By David Porter
Westminster correspondent, BBC Scotland
"It never rains but it pours" - you see we political commentators, like football pundits, love our cliches.
We tend to explain it away by saying they're a convenient form of shorthand.
Of course, football and politics have a number of things in common.
Both are competitive, contact sports where team work is MEANT to be at a premium.
Steve McClaren paid the price for an under-performing team
To coin another phrase, both the sacked English manager and the pilloried (but NOT dismissed) chancellor, Alistair Darling, could be forgiven for feeling "sick as a parrot" this weekend.
Steve McClaren's "sin" was obvious.
As the manager of a team from the nation that gave the world football, this week he failed to galvanise his well-paid players to perform well enough to qualify for next year's European football championships.
All fairly straight forward then - you fail, you go!!
Alistair Darling's situation is a bit more complicated. He doesn't earn his living kicking a bag of wind about - he is very much a rugby man incidentally.
His job is to steer the economy in the right direction. But critics say of late his form has been anything but impressive.
Traditionally Mr Darling has been seen as the ultimate political safe pair of hands.
He was drafted into the transport department and the Scotland Office, and in both cases, he managed to dampen down bad headlines. But in his five months at the Treasury some see signs of a loss of form.
Have events such as Northern Rock and the benefits data fiasco left Mr Darling looking more like Scott Carson (the unfortunate English goalkeeper who committed a huge howler in this week's match)?
Neither were the chancellor's fault, of course, but they happened on his watch.
Whatever else he may argue, Mr Darling cannot claim he was not match fit.
He's had plenty of outings in the Commons for team HM Treasury of late.
At the start of the week, he had to defend his handling of the crisis at Northern Rock, in the face of claims that he hasn't been honest about the risks facing taxpayers, as part of his efforts to prop up the ailing bank.
Mr Darling insisted that protecting taxpayers' interests would be his priority in deciding the future of Northern Rock - and he said the huge emergency loan, granted by the Bank of England two months ago, was secured against "high quality assets" held by the mortgage lender.
The chancellor has been the man up front on recent outings
The opposition parties said the chancellor's approach had been one of "weakness" and "incompetence".
The following day he was back again but this time Alistair Darling revealed details of an unprecedented security breach in which discs containing the details of 25 million people were lost by HM Revenue and Customs.
In an emergency statement (up a notch in terms of seriousness from the day before) Mr Darling told the Commons that the discs went missing when a junior member of staff put them in the internal post in response to a request from the National Audit Office.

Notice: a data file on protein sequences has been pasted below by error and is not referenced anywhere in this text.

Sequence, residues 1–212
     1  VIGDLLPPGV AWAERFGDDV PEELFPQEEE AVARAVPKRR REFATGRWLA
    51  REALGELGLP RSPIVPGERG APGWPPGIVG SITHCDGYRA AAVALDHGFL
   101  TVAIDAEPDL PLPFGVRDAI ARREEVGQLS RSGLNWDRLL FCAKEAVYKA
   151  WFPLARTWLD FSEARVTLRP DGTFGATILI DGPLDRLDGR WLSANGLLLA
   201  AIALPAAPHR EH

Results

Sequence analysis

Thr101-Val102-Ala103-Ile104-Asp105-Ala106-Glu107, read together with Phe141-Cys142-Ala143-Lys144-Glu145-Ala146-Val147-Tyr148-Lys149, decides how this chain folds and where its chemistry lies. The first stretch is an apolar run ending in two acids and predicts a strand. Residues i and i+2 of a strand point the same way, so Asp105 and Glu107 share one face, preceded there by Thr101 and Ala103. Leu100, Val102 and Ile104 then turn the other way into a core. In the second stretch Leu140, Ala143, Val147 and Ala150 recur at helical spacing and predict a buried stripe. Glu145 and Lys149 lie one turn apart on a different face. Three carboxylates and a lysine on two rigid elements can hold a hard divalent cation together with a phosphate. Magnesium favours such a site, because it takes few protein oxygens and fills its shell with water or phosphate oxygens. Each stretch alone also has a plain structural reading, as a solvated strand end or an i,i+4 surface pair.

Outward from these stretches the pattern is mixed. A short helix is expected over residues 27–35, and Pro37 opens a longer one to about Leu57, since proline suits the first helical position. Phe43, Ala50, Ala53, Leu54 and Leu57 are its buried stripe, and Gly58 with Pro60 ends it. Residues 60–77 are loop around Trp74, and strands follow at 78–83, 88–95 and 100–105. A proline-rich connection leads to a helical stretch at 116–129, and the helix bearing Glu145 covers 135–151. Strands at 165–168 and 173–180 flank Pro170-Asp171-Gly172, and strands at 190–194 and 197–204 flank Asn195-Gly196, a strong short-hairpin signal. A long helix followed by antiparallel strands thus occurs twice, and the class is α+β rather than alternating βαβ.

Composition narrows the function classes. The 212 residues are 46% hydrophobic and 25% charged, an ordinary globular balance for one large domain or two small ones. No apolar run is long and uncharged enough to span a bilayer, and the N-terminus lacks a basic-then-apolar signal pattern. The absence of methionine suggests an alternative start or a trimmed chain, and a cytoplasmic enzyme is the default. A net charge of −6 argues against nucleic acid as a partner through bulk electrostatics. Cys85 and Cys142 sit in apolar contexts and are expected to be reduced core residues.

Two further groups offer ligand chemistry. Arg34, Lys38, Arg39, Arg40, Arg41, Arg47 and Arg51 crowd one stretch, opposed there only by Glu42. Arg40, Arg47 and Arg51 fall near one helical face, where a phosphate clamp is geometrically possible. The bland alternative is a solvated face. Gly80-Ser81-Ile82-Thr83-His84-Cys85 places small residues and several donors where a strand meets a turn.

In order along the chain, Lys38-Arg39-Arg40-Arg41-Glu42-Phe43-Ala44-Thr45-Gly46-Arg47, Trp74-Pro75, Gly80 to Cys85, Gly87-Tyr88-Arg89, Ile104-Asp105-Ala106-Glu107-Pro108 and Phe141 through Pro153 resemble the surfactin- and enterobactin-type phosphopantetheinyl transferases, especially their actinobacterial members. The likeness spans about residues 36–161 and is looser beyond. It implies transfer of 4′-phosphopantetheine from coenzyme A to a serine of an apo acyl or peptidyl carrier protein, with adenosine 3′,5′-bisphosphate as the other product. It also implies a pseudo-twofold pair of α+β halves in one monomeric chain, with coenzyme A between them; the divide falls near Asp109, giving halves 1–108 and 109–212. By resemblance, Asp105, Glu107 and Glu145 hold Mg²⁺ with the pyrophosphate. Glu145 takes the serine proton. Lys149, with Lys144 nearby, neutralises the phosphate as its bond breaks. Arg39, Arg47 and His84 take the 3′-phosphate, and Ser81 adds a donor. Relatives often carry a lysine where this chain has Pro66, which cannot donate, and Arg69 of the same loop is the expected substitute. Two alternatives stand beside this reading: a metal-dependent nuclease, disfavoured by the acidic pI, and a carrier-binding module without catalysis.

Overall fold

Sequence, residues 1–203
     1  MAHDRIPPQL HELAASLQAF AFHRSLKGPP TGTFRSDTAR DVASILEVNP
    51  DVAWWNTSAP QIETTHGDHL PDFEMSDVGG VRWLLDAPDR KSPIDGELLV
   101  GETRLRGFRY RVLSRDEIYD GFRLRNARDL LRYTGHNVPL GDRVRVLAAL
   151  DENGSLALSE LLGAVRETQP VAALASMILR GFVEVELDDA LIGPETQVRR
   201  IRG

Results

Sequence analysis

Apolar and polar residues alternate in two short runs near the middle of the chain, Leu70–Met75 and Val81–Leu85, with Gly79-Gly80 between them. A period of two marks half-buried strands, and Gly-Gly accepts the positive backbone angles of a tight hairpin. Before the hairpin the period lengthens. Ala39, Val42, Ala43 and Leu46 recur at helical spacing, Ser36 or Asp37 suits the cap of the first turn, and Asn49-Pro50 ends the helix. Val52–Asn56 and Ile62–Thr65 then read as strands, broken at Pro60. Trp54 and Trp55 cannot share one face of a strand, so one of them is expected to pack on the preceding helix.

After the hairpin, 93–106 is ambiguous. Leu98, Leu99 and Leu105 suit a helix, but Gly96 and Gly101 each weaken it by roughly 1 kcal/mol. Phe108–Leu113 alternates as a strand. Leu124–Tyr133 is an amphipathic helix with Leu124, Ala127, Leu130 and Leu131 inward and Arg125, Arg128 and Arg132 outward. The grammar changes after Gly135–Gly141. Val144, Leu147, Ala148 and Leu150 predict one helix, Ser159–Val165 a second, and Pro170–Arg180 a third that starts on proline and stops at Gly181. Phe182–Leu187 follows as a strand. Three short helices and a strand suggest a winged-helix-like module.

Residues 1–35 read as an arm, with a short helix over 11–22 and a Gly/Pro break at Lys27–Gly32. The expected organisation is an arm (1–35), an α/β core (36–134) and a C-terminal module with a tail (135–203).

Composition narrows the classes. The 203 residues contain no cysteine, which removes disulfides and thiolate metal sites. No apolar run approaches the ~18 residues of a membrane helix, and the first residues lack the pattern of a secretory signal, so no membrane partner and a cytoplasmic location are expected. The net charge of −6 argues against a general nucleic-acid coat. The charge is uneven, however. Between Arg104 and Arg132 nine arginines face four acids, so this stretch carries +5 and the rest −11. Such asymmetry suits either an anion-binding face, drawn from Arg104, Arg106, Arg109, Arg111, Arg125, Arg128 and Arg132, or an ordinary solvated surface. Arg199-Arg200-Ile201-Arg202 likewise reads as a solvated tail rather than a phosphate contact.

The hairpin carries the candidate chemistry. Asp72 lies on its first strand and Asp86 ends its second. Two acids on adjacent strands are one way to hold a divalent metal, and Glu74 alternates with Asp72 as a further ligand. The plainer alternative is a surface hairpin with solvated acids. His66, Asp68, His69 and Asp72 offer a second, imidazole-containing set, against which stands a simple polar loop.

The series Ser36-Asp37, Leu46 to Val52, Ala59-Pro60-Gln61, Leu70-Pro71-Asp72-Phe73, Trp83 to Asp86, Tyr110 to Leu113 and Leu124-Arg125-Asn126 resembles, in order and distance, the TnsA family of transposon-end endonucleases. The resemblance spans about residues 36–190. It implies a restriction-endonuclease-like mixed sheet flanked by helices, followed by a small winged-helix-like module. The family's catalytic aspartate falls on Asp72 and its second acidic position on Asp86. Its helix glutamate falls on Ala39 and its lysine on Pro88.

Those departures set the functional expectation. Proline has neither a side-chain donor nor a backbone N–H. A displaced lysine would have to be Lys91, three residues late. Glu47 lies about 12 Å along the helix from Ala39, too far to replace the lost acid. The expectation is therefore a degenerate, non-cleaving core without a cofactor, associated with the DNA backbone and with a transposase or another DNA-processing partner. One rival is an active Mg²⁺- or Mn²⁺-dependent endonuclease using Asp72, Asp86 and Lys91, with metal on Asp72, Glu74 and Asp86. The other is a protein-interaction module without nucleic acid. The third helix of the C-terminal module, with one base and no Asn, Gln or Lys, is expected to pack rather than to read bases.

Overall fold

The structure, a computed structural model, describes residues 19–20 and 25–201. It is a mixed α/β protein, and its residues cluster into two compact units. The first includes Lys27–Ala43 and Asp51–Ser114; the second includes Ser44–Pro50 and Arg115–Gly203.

When Mr Darling told MPs the full extent of the mistake, there was genuine disbelief.
Here at Westminster people are now wondering aloud if these "crises" could spell something more serious for the Labour team manager, Gordon Brown?
The Conservatives have been quick to take this analogy further.
They've branded Gordon Brown the Steve McClaren of British politics calling him "the number two who couldn't hack it at number one".
In the early months of Team Brown everyone seemed to be playing a good game as the reds enjoyed a comfortable lead over the opposition.
But the manager's tactics came under question after conference season.
His defence started to look leaky after the decision not to call an early election and the blue team began scoring.
Things were made worse when some his key players started scoring own goals.
Inexperienced midfielder Jacqui Smith (the Home Secretary) had to admit 5,000 illegal immigrants were working in government security jobs.
Then ultimate blocker Alistair Darling (who wears the number 11 shirt at the Treasury) dropped the ball into his own net after being forced to admit the government had lost 25 million child benefit records.
And John McFall, head of the Treasury Select Committee (and another very experienced player) has said recent events are a "challenge of leadership" for the prime minister.
That doesn't quite rank with the football chairman's "full confidence" in a manager (which more often than not can be a poison chalice) but coming from someone as highly regarded as Mr McFall it is worthy of note.
So is this just a run of bad form that will soon pass or is it something more serious?
To use another well worn cliché "only time will tell".
Ministers know they've taken a big knock following the data security breach, they will be hoping the government will not get a reputation for incompetence.
Supporters and opponents will be watching closely, things can change very quickly.
Politics like football, it seems, is "a game of two halves".